Thousands of Scots left their home country to travel to Ireland or Australia, or to cross the Atlantic for the North American colonies. The difficult crossing was an enormous hurdle, but those who survived found freedom and opportunity in ample measure. Some Scots even fought for their freedom in the American War of Independence. This century, their ancestors have become aware of the illustrious history of the Scots in North America and at home through Clan societies and other organizations. Passenger and immigration lists show many early and influential immigrants bearing the name McPhersom: Aeneas MacPherson, who arrived in Pennsylvania in 1685; Alexander McPherson, who settled in south Carolina in 1716; along with Angus, Daniel, Donald, Duncan, John.

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Motto


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Motto



The motto was originally a war cry or slogan. Mottoes first began to be shown with arms in the 14th and 15th centuries, but were not in general use until the 17th century. Thus the oldest coats of arms generally do not include a motto. Mottoes seldom form part of the grant of arms: Under most heraldic authorities, a motto is an optional component of the coat of arms, and can be added to or changed at will; many families have chosen not to display a motto.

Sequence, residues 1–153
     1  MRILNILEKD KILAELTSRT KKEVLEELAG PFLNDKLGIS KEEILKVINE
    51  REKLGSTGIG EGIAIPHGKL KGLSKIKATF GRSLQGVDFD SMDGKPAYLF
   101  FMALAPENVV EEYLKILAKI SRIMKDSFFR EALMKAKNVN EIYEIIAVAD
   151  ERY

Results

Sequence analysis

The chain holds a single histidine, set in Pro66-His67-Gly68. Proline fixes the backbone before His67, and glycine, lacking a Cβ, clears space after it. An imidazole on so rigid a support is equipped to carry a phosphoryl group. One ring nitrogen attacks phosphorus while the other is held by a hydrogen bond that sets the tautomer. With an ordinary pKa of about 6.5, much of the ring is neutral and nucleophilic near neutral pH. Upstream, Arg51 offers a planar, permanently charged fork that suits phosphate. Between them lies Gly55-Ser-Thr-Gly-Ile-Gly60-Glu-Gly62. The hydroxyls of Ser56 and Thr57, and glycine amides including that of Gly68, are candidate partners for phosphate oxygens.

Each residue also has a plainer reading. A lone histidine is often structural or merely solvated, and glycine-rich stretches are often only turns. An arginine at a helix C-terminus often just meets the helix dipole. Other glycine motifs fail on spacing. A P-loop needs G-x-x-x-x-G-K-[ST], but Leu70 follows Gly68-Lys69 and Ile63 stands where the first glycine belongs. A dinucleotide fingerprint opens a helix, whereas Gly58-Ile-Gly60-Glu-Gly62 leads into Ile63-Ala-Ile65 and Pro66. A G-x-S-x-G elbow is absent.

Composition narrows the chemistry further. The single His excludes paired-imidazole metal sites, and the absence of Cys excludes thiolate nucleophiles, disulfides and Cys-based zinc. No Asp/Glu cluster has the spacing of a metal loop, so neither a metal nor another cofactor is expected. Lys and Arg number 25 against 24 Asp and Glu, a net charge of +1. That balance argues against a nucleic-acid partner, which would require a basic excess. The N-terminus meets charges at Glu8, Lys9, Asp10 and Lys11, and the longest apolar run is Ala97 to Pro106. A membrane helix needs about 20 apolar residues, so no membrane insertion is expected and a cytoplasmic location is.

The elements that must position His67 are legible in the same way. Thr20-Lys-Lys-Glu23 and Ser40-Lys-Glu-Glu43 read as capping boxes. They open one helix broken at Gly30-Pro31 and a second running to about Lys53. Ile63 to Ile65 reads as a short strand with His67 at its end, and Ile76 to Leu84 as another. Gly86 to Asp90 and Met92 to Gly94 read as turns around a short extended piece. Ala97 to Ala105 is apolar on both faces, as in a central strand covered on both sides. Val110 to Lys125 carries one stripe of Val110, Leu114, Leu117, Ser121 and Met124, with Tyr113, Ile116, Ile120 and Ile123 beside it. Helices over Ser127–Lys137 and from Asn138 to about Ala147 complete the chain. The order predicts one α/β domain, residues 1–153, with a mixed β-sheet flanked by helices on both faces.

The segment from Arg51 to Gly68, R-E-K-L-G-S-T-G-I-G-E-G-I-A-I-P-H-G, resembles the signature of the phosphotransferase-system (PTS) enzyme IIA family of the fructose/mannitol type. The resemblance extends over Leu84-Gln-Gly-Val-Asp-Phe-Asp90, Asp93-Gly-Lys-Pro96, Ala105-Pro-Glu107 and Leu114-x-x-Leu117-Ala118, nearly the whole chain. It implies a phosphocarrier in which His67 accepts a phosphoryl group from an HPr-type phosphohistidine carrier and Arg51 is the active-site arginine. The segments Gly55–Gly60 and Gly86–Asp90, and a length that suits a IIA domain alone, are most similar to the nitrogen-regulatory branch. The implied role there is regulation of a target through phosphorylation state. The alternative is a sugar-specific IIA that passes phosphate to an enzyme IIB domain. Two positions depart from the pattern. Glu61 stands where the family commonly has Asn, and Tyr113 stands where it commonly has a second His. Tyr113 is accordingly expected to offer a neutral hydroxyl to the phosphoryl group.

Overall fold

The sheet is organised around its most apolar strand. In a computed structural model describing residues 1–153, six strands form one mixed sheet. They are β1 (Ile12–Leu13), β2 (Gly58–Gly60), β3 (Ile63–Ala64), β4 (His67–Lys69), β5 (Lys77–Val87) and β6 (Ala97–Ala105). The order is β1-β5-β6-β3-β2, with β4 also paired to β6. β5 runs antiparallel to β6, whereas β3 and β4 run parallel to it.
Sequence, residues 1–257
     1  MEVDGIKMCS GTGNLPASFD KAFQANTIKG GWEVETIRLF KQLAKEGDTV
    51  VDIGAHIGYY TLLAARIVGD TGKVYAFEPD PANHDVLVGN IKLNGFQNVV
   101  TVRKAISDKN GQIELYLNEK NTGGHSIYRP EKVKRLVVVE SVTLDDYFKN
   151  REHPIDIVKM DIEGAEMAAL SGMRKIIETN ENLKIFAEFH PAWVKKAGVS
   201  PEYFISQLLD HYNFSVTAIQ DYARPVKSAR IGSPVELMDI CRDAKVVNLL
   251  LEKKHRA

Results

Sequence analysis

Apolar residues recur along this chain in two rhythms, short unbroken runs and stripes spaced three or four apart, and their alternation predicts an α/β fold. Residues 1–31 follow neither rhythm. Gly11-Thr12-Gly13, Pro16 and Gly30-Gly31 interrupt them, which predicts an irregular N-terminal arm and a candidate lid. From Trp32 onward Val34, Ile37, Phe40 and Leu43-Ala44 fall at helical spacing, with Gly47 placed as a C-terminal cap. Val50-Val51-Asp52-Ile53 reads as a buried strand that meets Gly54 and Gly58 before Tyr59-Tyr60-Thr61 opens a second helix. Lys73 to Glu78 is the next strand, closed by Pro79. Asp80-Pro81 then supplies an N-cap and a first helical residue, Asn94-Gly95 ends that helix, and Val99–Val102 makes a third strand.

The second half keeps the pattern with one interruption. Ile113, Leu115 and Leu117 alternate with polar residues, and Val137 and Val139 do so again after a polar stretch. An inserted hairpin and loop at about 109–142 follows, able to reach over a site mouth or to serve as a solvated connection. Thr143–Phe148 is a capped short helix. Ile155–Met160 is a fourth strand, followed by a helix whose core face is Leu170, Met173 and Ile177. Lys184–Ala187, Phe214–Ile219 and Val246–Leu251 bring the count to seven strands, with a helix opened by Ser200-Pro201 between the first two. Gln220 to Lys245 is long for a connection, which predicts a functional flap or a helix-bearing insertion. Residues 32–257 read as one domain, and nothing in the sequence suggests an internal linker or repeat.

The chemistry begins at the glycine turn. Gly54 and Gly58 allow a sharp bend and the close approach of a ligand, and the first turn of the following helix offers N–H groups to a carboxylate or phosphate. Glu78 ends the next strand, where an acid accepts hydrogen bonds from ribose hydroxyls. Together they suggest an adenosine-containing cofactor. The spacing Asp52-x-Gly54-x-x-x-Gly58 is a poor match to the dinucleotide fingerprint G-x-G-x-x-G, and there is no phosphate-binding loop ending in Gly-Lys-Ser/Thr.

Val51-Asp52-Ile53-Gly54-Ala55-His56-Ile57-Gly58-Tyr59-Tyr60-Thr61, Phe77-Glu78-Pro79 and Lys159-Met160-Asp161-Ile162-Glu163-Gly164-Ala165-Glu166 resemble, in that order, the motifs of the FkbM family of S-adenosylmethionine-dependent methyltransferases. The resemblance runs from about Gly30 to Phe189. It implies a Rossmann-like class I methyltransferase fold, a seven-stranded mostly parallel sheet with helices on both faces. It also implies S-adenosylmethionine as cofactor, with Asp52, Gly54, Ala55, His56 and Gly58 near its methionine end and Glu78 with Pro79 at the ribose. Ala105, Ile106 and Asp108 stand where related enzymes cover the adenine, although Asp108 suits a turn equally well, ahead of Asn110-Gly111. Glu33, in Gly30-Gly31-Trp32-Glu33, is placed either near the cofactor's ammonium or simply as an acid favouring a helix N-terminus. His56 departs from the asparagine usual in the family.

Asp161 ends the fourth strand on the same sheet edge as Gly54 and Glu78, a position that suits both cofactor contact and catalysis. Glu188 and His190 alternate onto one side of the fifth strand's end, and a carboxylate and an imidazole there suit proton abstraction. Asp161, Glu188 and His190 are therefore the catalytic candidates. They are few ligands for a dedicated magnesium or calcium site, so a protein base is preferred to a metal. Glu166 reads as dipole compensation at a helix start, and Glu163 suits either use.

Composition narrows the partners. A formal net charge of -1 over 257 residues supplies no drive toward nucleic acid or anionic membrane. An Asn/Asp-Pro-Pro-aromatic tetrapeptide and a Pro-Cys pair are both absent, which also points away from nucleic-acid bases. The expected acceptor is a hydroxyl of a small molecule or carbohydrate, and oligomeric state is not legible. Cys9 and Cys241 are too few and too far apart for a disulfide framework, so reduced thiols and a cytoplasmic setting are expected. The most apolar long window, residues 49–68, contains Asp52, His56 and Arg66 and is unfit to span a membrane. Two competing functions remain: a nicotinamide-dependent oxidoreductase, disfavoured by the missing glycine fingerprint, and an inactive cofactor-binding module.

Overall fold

Motto: Touch not the cat bot a glove
Motto Translation: Touch not the cat without a glove


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McPhersom Family Crest Products


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McPhersom Family Crest Products




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See Also